Coal, in all its forms, is always high on the decarbonisation agenda. But it is worth making a distinction between different types. Most coal is burnt to produce electricity – thermal coal. However, a not insignificant volume is used as a reductant in the production of iron from iron ore, this type being known as metallurgical coal.
While the two intersect both on the supply and the demand side (they are sometimes produced at the same mine and, at the margins, metallurgical coal can be used in power plants) there are two distinct markets.
To many of course ‘coal is coal’, and to an extent this is true, at least when viewing the impact on CO2 emissions. In this context one of the four key goals of COP26 – to “accelerate the phase out of coal” – is of course valid.
Coal was given plenty of attention at COP26. In summary, signatories committed to:
- Rapid scale-up of clean power generation and energy efficiency measures in their economies and support for other countries carrying out the same.
- Rapid scale-up of technologies and policies to achieve a transition away from unabated coal power generation in the 2030s (or as soon as possible thereafter) for major economies and in the 2040s (or as soon as possible thereafter) globally.
- Cease the issuance of new permits for new unabated coal-fired power generation projects (defined as projects that have not yet reached financial close), end new construction of unabated coal-fired power generation projects and end new direct government support for unabated international coal-fired power generation
- Strengthen domestic and international efforts to provide a robust framework of financial, technical, and social support to affected workers, sectors and communities to make a just and inclusive transition away from unabated coal power in a way that benefits them and expands access to clean energy for all.
These commitments sound impressive, however, what’s currently lacking is the detail of how they will be achieved. What’s more, this could be considered something of a Pyrrhic victory against coal, primarily because none of the countries with the top three largest coal-fired power fleets – China, India and the US – are signatories to the agreement.
China, which possesses the largest coal fired power plant capacity, has committed to peak carbon emissions, yet has made no firm commitment to reduce reliance on coal.
Meanwhile, in the US President Joe Biden’s plan for a zero-carbon grid by 2035 arguably embraces the spirit of the COP26 text. However, the devil is in the detail and there are not inconsiderable political challenges; not the least of these is the possibility of a significant reversal in policy should the next presidential election be won by the Republicans.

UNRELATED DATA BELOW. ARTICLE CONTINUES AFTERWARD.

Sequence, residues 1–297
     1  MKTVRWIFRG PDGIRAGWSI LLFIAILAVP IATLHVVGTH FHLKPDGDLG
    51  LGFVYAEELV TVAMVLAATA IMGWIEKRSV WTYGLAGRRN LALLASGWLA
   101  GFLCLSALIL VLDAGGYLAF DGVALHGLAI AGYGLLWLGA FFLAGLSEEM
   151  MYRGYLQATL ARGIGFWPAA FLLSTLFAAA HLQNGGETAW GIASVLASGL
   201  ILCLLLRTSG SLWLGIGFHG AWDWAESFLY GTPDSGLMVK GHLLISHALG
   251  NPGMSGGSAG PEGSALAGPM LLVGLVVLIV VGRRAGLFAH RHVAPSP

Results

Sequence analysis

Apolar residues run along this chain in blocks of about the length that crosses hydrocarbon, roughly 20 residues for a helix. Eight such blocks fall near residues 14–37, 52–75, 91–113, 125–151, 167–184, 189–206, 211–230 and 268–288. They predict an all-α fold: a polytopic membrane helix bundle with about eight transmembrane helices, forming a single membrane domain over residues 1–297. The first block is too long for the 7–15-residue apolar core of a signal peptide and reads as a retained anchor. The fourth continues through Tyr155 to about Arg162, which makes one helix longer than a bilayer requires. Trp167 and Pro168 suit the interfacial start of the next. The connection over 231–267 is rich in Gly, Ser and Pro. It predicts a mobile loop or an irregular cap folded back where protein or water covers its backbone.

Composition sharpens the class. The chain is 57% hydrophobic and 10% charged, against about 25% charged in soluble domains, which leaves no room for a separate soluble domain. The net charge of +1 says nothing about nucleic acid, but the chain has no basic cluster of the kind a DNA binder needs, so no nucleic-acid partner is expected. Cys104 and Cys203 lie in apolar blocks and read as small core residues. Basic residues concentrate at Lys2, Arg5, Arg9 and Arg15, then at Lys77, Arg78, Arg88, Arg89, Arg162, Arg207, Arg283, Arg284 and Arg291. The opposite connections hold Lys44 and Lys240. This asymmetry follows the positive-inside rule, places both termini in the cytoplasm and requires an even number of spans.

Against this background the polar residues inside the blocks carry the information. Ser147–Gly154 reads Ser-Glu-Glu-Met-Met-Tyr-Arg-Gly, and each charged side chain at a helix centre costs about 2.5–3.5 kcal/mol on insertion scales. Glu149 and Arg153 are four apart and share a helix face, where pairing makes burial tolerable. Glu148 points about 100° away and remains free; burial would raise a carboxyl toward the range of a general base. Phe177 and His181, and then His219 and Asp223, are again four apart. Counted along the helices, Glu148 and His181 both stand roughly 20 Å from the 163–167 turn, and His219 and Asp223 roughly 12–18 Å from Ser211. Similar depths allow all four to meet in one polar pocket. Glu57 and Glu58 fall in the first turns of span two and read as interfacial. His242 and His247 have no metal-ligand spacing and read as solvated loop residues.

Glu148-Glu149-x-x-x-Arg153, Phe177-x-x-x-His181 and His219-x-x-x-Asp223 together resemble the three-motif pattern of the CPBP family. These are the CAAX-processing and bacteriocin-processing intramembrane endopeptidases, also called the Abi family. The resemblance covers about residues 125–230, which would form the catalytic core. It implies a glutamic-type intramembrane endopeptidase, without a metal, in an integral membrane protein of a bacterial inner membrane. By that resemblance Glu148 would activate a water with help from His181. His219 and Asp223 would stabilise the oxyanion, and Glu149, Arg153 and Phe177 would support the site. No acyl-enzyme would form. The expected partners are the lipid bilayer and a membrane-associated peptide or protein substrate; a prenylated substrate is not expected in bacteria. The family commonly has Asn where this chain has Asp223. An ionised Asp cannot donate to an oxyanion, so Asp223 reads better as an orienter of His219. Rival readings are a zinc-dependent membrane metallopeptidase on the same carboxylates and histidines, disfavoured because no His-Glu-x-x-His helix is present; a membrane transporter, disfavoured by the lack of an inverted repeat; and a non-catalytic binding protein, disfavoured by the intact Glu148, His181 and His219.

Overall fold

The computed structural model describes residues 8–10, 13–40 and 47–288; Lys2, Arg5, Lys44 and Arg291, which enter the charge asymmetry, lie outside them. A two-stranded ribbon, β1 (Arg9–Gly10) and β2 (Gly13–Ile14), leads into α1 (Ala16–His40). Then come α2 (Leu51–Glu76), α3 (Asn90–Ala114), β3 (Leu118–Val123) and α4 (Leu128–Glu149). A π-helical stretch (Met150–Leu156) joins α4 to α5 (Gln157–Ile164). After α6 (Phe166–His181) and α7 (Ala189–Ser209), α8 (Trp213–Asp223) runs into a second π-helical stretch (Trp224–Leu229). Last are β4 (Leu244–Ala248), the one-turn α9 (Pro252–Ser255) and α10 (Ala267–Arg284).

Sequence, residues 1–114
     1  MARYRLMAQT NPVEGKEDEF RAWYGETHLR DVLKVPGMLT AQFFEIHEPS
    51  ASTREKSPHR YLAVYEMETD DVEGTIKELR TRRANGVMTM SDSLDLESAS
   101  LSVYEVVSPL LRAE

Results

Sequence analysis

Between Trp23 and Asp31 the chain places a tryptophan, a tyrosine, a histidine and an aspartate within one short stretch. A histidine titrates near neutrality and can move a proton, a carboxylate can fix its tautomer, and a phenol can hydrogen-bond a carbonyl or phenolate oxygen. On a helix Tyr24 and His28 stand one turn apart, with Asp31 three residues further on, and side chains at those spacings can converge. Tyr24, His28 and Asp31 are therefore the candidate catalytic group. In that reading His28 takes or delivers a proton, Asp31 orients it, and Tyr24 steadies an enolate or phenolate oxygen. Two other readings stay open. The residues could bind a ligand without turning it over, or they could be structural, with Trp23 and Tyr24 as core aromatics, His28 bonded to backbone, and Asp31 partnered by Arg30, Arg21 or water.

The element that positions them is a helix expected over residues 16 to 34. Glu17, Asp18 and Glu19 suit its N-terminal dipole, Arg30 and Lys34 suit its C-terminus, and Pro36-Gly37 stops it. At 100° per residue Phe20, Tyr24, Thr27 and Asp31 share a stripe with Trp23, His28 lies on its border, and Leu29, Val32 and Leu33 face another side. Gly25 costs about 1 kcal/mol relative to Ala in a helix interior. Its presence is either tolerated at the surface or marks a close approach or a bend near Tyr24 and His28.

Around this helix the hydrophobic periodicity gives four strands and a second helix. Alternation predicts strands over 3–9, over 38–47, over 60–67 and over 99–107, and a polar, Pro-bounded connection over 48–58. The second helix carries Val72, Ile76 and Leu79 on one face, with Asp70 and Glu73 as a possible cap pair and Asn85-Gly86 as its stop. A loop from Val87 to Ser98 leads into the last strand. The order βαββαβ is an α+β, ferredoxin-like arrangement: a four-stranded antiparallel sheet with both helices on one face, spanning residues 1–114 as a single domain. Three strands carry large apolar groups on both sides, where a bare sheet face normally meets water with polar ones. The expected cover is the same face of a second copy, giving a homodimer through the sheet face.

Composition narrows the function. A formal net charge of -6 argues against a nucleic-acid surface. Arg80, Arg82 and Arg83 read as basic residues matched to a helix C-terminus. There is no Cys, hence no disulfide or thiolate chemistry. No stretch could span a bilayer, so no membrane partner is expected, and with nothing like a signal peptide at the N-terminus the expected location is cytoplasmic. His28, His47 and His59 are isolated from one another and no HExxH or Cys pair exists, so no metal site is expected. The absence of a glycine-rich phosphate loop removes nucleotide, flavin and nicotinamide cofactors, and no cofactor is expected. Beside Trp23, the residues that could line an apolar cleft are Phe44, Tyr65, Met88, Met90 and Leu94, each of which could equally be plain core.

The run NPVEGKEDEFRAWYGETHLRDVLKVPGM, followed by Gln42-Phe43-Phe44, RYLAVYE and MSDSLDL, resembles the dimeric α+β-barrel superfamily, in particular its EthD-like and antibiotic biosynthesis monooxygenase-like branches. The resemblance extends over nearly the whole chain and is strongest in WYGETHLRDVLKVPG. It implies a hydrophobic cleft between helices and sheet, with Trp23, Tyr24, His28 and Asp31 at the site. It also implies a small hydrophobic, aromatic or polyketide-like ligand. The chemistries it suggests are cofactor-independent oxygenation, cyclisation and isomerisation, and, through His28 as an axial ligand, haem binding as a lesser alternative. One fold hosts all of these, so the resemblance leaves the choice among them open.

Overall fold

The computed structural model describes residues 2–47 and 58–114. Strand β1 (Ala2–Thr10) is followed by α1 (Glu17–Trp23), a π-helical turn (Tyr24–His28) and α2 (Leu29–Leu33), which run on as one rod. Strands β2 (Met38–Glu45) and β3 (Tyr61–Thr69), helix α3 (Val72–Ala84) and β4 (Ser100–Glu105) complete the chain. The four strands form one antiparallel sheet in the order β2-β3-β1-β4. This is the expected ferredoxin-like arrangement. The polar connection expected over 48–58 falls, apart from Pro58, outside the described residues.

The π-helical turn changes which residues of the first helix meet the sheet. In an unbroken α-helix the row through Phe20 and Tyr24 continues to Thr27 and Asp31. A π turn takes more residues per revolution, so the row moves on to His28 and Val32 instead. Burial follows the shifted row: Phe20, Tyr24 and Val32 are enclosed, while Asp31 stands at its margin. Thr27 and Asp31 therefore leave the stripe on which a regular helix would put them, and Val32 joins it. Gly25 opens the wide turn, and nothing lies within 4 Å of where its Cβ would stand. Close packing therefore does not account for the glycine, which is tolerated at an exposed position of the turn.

India was late to the decarbonisation pledge party but has committed to net neutrality by 2070. More urgently, it has pledged to reduce its projected carbon emissions by a billion tonnes by 2030. What’s more, India has committed to 50% renewables share of power generation and to reducing the carbon intensity of its economy by 45% by the same date. That’s a tough ask for an economy projected to grow by 6-7% a year over the next decade.
WHY NOT ALL COAL IS CREATED EQUAL
Of course, it’s not just about the volume of coal required but also the quality of coal that will be in demand and where it will be needed. To paraphrase George Orwell in Animal Farm, “all types of coal are created equal, but some are more equal than others.”
Increasingly, coal quality will be a differentiator with high-ranking coal favoured over low-ranking coal. Then there is the question of the location of the coal. The seaborne market for thermal coal is expected to be in deficit going forward, certainly under our base case scenario.
Whilst the commitment to “phase down” coal is somewhat nebulous it is worth outlining what different temperature pathways would mean for thermal coal demand. Under our base case Energy Transition Outlook (ETO), which is aligned to a 2.7 °C warming TO scenario, demand for thermal coal will peak in 2025 at just over 7 billion tonnes, falling by just 5% to 6.7 billion tonnes in 2030, hardly a transformation! However, to achieve AET-2, 2°C, demand for thermal coal will need to fall by a billion tonnes by 2030 and an AET-1.5 pathway removes a further 1.9bn tonnes of demand.
This is a dramatic 2.4bn tonne reduction compared with the current base case peak in 2025. With COP26 renewing aspirations to align with Paris commitments to limit the average global temperature rise to 1.5°C the scale of the challenge of such a dramatic reduction of coal demand should not be underestimated given the implications for electricity supply in an increasingly electrified world.
The key question is, will the yet-to-be-enacted policies based on watered down commitments made at COP26 be enough to deliver an AET-2 or AET-1.5 decarbonisation pathway? If the non-delivery against commitments made at COP Paris in 2015 are anything to go by, success by 2030 looks to be a long shot and is by no means guaranteed. To paraphrase Mark Twain who upon hearing rumours that he had in fact died was quoted as saying “the reports of my death are greatly exaggerated”. I think the same can be said of coal!